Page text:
I’m also curious about your statement that the challenge will come from thermodynamics. Isn’t thermodynamics nothing more that quantum theory applied to large systems? One would have to simultaneously derive new laws from without modifying quantum theory and a the same time not contradict the thresholds theorems.

  10. Greg Kuperberg Says:

    Well I think this falls directly undert Scott Aaronson’s Quantum Computing Position Statement (new law and all).

    That is sort-of right Dave, except that skepticism is the least untenable if you accept the Schrodinger equation but posit that there is something missing in our understanding of thermodynamics or many-body theory.

    And then there is the real question which is whether the laws of physics actually work this way! Contriving worlds where the above is true isn’t really the problem is it?

    I think that even contriving a credible new law of thermodynamics is plenty hard enough, because it needs to be mathematically consistent with itself and everything else that you think is true. What you are saying is, never mind drafting a credible proposal to land astronauts on Venus; “the hard part” is to actually do it. I agree that experimental vindication is even harder, but…

    Isn’t thermodynamics nothing more that quantum theory applied to large systems? One would have to simultaneously derive new laws from without modifying quantum theory and a the same time not contradict the thresholds theorems.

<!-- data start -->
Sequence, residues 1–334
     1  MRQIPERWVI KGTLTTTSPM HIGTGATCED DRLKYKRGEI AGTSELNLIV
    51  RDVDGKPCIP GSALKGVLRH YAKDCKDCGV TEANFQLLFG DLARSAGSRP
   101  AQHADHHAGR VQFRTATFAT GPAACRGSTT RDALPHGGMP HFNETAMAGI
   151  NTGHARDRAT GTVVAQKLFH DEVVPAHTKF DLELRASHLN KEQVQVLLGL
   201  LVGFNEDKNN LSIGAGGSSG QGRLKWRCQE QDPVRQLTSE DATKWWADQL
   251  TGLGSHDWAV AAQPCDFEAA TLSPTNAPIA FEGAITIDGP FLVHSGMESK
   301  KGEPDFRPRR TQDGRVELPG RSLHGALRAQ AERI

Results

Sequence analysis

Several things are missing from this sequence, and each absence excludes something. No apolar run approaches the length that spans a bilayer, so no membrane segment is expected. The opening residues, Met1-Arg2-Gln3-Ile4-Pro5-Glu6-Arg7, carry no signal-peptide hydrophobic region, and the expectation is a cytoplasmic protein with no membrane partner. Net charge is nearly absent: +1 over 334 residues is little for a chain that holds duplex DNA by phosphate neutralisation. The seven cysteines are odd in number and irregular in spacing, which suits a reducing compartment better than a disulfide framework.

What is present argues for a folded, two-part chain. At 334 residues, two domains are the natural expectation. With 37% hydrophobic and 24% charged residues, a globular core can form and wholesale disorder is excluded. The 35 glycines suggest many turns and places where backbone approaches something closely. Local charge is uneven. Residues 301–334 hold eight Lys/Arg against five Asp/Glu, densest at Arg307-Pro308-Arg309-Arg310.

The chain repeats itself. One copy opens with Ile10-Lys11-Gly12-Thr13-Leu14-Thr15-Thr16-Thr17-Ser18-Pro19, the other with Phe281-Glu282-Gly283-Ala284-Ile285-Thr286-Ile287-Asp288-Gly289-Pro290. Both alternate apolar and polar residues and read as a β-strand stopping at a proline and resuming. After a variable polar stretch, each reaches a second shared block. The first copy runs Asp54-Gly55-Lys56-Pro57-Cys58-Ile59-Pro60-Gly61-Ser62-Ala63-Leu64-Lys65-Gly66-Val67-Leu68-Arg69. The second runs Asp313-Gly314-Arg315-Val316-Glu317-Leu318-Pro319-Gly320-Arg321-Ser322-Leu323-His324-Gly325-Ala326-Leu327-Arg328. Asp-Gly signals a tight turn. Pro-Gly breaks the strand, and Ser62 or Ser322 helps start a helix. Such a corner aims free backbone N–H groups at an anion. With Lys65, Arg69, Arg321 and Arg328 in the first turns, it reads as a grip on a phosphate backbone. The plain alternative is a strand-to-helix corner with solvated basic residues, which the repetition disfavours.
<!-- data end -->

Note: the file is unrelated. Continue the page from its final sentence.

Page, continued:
That’s right, and I certainly don’t expect skeptics to succeed. But I will allow that the task of solving the Schrodinger equation for a large system, or finding properties of solutions, is not rigorous, even if we suppose that the Schrodinger equation itself is completely safe. So it is just barely conceivable that some unknown demon lies there.

    By contrast, replacing quantum probability itself with something “better” seems completely off the wall to me.

  11. question Says:

    This is not directly related, but I thought this seems like a place with some Quantum guys, so maybe I can find an answer to some of my simple questions?
    In the BB84 why doesn’t bob store the incoming qubits, and wait till Alice announces the entire basis she used to prepare the data, wouldn’t this be more efficient?

  12. scott Says:

    I’m both relieved and disappointed — I was sure this post would provoke a bitter flame war. Or are the combatants still sharpening their knives?

  13. Anonymous Says:

    To question:

    (I hope you don’t mind the aside, Scott.)

    In the BB84 why doesn’t bob store the incoming qubits, and wait till Alice announces the entire basis she used to prepare the data, wouldn’t this be more efficient?